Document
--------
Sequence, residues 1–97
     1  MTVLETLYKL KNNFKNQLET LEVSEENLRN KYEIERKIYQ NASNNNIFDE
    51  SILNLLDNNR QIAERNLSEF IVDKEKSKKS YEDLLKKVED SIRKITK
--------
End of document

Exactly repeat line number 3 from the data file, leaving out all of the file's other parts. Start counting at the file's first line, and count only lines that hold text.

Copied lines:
    51  SILNLLDNNR QIAERNLSEF IVDKEKSKKS YEDLLKKVED SIRKITK